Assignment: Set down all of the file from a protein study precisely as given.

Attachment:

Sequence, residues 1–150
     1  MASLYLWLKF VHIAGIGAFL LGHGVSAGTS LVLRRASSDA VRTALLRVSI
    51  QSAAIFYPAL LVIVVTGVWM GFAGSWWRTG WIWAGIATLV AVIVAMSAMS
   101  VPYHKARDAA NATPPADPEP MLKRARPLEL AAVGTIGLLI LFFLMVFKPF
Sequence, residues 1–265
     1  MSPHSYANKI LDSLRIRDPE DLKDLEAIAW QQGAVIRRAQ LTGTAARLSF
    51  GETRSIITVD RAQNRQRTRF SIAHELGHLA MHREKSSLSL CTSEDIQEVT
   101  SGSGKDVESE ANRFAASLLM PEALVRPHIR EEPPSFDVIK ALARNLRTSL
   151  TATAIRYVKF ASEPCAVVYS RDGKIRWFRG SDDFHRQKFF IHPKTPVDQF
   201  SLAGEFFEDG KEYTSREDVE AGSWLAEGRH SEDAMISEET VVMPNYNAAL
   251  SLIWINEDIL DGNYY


Sequence, residues 1–150
     1  MASLYLWLKF VHIAGIGAFL LGHGVSAGTS LVLRRASSDA VRTALLRVSI
    51  QSAAIFYPAL LVIVVTGVWM GFAGSWWRTG WIWAGIATLV AVIVAMSAMS
   101  VPYHKARDAA NATPPADPEP MLKRARPLEL AAVGTIGLLI LFFLMVFKPF
Sequence, residues 1–265
     1  MSPHSYANKI LDSLRIRDPE DLKDLEAIAW QQGAVIRRAQ LTGTAARLSF
    51  GETRSIITVD RAQNRQRTRF SIAHELGHLA MHREKSSLSL CTSEDIQEVT
   101  SGSGKDVESE ANRFAASLLM PEALVRPHIR EEPPSFDVIK ALARNLRTSL
   151  TATAIRYVKF ASEPCAVVYS RDGKIRWFRG SDDFHRQKFF IHPKTPVDQF
   201  SLAGEFFEDG KEYTSREDVE AGSWLAEGRH SEDAMISEET VVMPNYNAAL
   251  SLIWINEDIL DGNYY